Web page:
Every August is Breastfeeding Awareness Month, and the first week of the month is World Breastfeeding Week (WBW). Sponsored by the World Alliance for Breastfeeding Action (aka WABA), the goal is to bring attention to the issue of breastfeeding on a global scale and promote the benefits of it while providing encouragement to nursing mothers and those that support them. Every year, WABA selects a theme for WBW, and states the objectives of this theme.
For 2010, WABA wants to promote 10 steps for breastfeeding the baby-friendly way. These steps are directed at “Every facility providing maternity services and care for newborn infants”. The objectives of the 10 steps are to:
- Draw attention to the role of the Ten Steps in improving breastfeeding rates
- Renew action by health systems, health care providers and communities to make breastfeeding the easy choice for women.
- Inform people everywhere of the risks of artificial feeding, and the role of breastfeeding for children’s development and lifelong health and the health of mothers.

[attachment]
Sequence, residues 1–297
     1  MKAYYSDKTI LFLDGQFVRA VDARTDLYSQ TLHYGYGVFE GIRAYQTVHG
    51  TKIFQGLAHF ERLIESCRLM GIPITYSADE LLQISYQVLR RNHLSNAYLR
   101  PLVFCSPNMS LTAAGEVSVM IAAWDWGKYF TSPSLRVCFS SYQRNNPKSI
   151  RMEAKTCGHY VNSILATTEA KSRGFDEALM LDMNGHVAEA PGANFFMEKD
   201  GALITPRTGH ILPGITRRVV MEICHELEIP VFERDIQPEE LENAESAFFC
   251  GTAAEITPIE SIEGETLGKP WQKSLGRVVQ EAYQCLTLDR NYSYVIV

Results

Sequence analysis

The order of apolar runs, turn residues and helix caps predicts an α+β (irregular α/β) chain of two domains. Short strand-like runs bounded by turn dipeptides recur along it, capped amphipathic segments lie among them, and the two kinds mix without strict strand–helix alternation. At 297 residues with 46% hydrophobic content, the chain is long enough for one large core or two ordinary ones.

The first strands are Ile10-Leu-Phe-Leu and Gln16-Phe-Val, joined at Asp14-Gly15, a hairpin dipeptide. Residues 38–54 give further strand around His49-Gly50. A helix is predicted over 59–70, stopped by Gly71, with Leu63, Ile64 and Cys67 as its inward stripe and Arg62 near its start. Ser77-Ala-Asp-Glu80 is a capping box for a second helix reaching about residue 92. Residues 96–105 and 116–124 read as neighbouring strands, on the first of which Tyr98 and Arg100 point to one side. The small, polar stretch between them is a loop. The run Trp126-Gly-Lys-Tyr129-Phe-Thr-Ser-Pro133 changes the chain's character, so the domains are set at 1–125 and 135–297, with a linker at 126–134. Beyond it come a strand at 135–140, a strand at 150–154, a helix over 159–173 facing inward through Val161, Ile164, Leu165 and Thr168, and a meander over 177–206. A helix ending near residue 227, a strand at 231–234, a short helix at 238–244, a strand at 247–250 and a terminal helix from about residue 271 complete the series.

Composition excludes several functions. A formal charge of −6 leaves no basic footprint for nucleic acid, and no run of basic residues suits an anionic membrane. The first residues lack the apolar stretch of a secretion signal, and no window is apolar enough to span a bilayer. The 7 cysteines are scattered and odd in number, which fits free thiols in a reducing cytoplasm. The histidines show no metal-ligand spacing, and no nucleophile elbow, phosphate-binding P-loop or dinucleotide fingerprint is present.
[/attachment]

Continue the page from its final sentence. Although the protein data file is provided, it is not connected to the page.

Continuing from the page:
- Enable mothers to enjoy full support for breastfeeding in health care systems and beyond.
The 10 Steps proposed by the WABA are:
- Have a written breastfeeding policy that is routinely communicated to all health care staff.
- Train all health care staff in skills necessary to implement this policy.
- Inform all pregnant women about the benefits and management of breastfeeding.
- Help mothers initiate breastfeeding within a half-hour of birth.
- Show mothers how to breastfeed, and how to maintain lactation even if they should be separated from their infants.
- Give newborn infants no food or drink other than breast milk unless medically indicated.
- Practice rooming in – allow mothers and infants to remain together – 24 hours a day.
- Encourage breastfeeding on demand.
- Give no artificial teats or pacifiers (also called dummies or soothers) to breastfeeding infants.
- Foster the establishment of breastfeeding support groups and refer mothers to them on discharge from the hospital or clinic.
With these guidelines in place at healthcare providers worldwide, the hope is that breastfeeding rates will continue to improve along with the health of both mother and child.
During World Breastfeeding Week, whether you’re a nursing mother or simply a supporter of breastfeeding, think about what you can do to raise a little awareness and offer your support. So many mothers simply do not have the support they need to breastfeed comfortably, and a little awareness can go a long way towards making it easier not just for mothers, but for their babies as well. Happy World Breastfeeding Week!